The Leadership Conference is working diligently to see that Tom Perez is confirmed as U.S. Secretary of Labor. Perez is an eminently qualified public servant and consensus builder who has dedicated his career to ensuring that all individuals are treated fairly and have the opportunity to succeed. He has served with integrity and distinction at the local, state and national level, compiling an outstanding record of achievement.
Women Hold Summit to Preserve Affirmative Action in Michigan
Feature Story by Tyler Lewis - 9/27/2006A recent summit of women's leaders and Michigan woman voters became a call to action for women in the fight to preserve affirmative action in the state.
One United Michigan/Michigan United (OUM/MU) convened the Michigan Women's Summit 2006: What's at Stake for Michigan Families on September 15, where women around the state heard from local & national speakers about the role affirmative action plays in ensuring equal access to education and employment opportunities for women and minorities. Regional workshops provided training and kicked off organizing and mobilizing efforts for the fall.
"The summit was a unique opportunity for women to gather and be inspired and educated about the need for affirmative action to help women and minorities achieve more equitable wages and have equal access to quality education and employment opportunities," said Mickey Edell, president of AAUW of Michigan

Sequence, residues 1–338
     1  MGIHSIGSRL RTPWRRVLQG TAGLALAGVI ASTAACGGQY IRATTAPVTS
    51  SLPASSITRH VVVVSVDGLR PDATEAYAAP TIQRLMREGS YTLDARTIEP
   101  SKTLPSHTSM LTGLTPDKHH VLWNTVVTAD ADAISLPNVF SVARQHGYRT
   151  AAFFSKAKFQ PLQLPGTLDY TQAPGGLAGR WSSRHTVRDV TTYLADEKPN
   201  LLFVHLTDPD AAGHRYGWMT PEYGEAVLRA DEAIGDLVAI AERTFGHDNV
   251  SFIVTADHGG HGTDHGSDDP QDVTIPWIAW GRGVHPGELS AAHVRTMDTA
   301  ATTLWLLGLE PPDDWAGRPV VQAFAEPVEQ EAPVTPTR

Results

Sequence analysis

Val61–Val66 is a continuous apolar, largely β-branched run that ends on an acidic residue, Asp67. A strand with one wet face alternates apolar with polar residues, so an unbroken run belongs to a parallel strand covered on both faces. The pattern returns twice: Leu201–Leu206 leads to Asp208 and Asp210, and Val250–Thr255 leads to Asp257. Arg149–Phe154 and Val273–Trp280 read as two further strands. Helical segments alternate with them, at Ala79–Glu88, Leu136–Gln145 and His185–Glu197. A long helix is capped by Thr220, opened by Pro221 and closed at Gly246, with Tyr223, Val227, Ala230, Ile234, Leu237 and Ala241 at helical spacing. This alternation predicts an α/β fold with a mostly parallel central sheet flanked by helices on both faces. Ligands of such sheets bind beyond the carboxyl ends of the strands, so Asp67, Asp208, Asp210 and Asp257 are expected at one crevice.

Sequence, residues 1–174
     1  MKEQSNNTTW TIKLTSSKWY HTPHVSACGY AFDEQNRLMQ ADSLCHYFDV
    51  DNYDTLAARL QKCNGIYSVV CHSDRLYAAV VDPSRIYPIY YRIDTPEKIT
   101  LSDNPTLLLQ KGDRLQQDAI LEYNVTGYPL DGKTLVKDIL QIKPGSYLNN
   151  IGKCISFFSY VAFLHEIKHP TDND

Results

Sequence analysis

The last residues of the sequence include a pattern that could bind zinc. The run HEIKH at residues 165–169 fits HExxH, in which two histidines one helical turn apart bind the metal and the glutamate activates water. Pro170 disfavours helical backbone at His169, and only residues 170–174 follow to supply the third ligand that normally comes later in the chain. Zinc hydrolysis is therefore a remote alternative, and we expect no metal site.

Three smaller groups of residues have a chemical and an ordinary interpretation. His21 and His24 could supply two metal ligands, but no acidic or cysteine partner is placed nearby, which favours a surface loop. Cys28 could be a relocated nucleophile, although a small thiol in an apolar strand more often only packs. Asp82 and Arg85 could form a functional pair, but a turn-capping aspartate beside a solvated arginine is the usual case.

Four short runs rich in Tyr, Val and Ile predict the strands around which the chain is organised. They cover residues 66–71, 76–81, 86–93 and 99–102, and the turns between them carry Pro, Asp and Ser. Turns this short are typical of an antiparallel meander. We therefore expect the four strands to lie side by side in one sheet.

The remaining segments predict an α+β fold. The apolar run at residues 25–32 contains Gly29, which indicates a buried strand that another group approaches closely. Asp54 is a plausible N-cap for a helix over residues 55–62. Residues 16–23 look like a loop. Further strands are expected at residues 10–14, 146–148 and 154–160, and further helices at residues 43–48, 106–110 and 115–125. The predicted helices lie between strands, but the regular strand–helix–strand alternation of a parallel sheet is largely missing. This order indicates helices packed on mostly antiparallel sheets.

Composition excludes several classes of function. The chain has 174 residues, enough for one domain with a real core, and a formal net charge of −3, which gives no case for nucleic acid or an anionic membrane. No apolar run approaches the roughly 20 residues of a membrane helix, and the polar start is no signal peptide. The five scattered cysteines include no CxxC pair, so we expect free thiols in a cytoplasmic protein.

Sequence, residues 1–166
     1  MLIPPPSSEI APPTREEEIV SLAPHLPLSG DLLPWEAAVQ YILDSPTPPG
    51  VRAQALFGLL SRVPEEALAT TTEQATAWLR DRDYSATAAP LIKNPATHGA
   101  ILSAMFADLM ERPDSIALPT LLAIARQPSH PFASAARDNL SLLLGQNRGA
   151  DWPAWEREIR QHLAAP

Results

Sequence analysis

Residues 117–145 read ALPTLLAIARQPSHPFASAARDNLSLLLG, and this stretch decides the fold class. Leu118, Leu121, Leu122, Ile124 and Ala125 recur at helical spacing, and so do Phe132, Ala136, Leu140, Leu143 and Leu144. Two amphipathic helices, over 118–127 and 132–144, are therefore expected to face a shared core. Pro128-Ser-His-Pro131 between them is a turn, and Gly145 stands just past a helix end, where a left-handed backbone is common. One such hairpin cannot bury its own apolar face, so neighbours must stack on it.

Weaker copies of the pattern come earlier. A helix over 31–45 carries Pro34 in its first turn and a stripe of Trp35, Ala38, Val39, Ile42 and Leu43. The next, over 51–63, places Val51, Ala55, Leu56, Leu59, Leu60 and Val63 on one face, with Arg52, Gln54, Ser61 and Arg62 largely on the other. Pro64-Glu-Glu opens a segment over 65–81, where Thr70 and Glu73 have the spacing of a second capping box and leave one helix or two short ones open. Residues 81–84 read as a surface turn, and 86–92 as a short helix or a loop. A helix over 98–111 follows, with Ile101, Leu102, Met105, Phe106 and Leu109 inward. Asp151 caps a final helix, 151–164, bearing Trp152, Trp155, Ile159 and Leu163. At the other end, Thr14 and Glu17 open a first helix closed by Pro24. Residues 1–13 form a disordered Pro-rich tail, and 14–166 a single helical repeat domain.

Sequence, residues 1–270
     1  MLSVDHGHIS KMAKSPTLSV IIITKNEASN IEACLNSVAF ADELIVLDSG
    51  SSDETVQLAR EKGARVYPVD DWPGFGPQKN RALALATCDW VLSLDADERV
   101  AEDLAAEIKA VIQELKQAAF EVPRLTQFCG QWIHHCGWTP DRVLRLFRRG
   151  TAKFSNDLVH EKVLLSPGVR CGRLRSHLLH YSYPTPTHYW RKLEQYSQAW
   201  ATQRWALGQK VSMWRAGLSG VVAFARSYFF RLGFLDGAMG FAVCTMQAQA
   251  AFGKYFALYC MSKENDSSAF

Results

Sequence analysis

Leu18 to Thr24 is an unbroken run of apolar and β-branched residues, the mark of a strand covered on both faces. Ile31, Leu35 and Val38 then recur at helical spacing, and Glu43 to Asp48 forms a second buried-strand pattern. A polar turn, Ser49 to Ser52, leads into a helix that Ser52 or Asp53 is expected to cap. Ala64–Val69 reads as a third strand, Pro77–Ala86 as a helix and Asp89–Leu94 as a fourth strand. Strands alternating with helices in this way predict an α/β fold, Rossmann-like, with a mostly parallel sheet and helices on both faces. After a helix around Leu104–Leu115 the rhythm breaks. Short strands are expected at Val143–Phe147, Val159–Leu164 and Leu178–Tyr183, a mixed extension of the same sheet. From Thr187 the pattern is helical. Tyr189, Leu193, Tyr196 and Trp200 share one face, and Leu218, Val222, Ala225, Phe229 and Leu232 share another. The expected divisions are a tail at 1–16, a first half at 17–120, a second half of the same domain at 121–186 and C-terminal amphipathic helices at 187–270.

In November, Michigan voters will vote on Proposal 2, which would ban affirmative action and equal opportunity initiatives in state contracting, education, and employment. OUM/MU, a diverse and growing coalition of more than 200 mainstream Michigan organizations, has conducted a public education campaign to inform Michigan voters why Proposal 2 will roll back progress in the state.
"The passage of Proposal 2 asks us to turn our backs on the proud history of diversity in Michigan and in this country," said Michigan Governor Jennifer Granholm, who spoke at the summit. "There is no question that the elimination of affirmative action programs in our state would be a devastating blow for Michigan women."
The event was beamed via satellite from the Shriner's Auditorium in Southfield, Michigan to more than 600 women at summit sites in Grand Rapids, Lansing, Flint and Marquette. Speakers included: U.S. Senator Debbie Stabenow, D. Mich.; Republican State Senator Laura Toy; Vernice Davis Anthony, former director of community healthy for Gov. John Engler, R. Mich.; and columnist Desiree Cooper.
Civil rights icon, Dr. Dorothy I. Height, spoke via videotape about how Michigan is ground zero in the fight to preserve affirmative action.nationwide.
Affirmative action supporters say that Michigan women have much to gain by stopping Proposal 2. Statistics for Michigan women in most areas lag behind national averages.
Michigan women earn only 67 cents for every dollar men earn - 10 cents below the national average -- according to the Bureau of Labor Statistics. And despite gains in higher education, they earned only 45 percent of professional degrees and 41 percent of doctorate degrees in 2000, which falls below the national average in the same category.
A recent study by The Center for the Education of Women at the University of Michigan found "ample evidence" that passage of Proposal 2 "would result in a similar pattern of lost services and restricted opportunities."
Proposal 2, the so-called Michigan Civil Rights Initiative, is sponsored by former California businessman Ward Connerly. Connerly sponsored similar initiatives to ban affirmative action in California and Washington - states that have since seen dramatic declines in underrepresented minorities in state contracting and in admissions to the state university systems.